What started my North Dakota travels was finding, driving and hiking to the state's sole waterfall, about 90 minutes away from Fargo in the Sheyenne State Forest.
My buddy Linda and I made the drive out on State Highway 46, what we didn't know at the time was the longest stretch of straight road in the Western Hemisphere (more on that when we get to state's largest tree). After hiking the wrong trail in the forest, we drove a little farther down the road and found the North Country Trail stretch that would take us 2.1 miles in to the waterfall.
The day was gorgeous and the woods were green beyond belief. I remember wind rustling the tops of the trees and the sun beating and beaming down. The hills were unlike what I had been expecting; after all, I didn't have much experience in non-Red River Valley places. The Sheyenne River Valley was basically brand new at this point.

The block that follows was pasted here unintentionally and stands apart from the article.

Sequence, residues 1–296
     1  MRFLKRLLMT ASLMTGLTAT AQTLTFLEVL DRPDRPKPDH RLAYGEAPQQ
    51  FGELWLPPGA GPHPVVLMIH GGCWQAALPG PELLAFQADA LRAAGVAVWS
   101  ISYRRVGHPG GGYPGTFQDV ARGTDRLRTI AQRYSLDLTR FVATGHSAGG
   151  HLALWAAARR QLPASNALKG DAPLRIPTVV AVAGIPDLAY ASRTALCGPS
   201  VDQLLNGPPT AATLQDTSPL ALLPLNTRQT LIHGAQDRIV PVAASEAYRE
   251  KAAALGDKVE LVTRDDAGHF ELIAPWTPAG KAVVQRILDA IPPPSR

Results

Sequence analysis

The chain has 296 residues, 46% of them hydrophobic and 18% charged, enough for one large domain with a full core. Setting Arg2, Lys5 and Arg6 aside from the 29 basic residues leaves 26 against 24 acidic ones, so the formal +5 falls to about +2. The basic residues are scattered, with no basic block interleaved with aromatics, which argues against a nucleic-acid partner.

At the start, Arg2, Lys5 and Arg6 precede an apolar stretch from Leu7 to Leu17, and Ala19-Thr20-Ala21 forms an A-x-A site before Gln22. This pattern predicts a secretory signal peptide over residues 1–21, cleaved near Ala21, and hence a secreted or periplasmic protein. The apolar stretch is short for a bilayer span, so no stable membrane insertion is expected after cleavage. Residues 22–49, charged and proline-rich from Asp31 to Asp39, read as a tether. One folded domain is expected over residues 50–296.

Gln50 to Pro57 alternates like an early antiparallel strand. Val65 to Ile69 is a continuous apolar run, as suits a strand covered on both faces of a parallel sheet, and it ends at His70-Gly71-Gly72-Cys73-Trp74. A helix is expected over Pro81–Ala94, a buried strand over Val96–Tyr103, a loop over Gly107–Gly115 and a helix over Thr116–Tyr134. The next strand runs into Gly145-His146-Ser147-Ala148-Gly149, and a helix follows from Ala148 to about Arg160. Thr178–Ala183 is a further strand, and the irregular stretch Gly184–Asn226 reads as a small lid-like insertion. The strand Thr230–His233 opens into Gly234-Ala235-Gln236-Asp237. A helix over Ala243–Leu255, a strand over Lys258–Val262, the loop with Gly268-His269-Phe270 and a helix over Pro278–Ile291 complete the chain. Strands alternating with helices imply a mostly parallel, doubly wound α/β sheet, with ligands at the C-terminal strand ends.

We heard the waterfall before we saw it after traipsing along the trail cut into the steep side of the river valley. There it was.
We took pictures of it, with it and I played my ukulele. What a destination. What a place.
I think what struck me about the waterfall was that there must be more places like this in North Dakota, other unique natural areas that you actually have to go and find yourself without help from road signs or spots on the map.
Indeed, there are, and the waterfall set me on a course for other, similar places.
I've only been back once to the waterfall since my initial visit; I returned after a rainstorm with my friend Nicole following the last day of classes at NDSU in May 2015. That time it appeared the waterfall had changed course, spilling over another ledge to the northeast while still dripping over the original drop.
I'd love to go back in autumn to camp, but other places in the state are pulling me elsewhere. We'll see.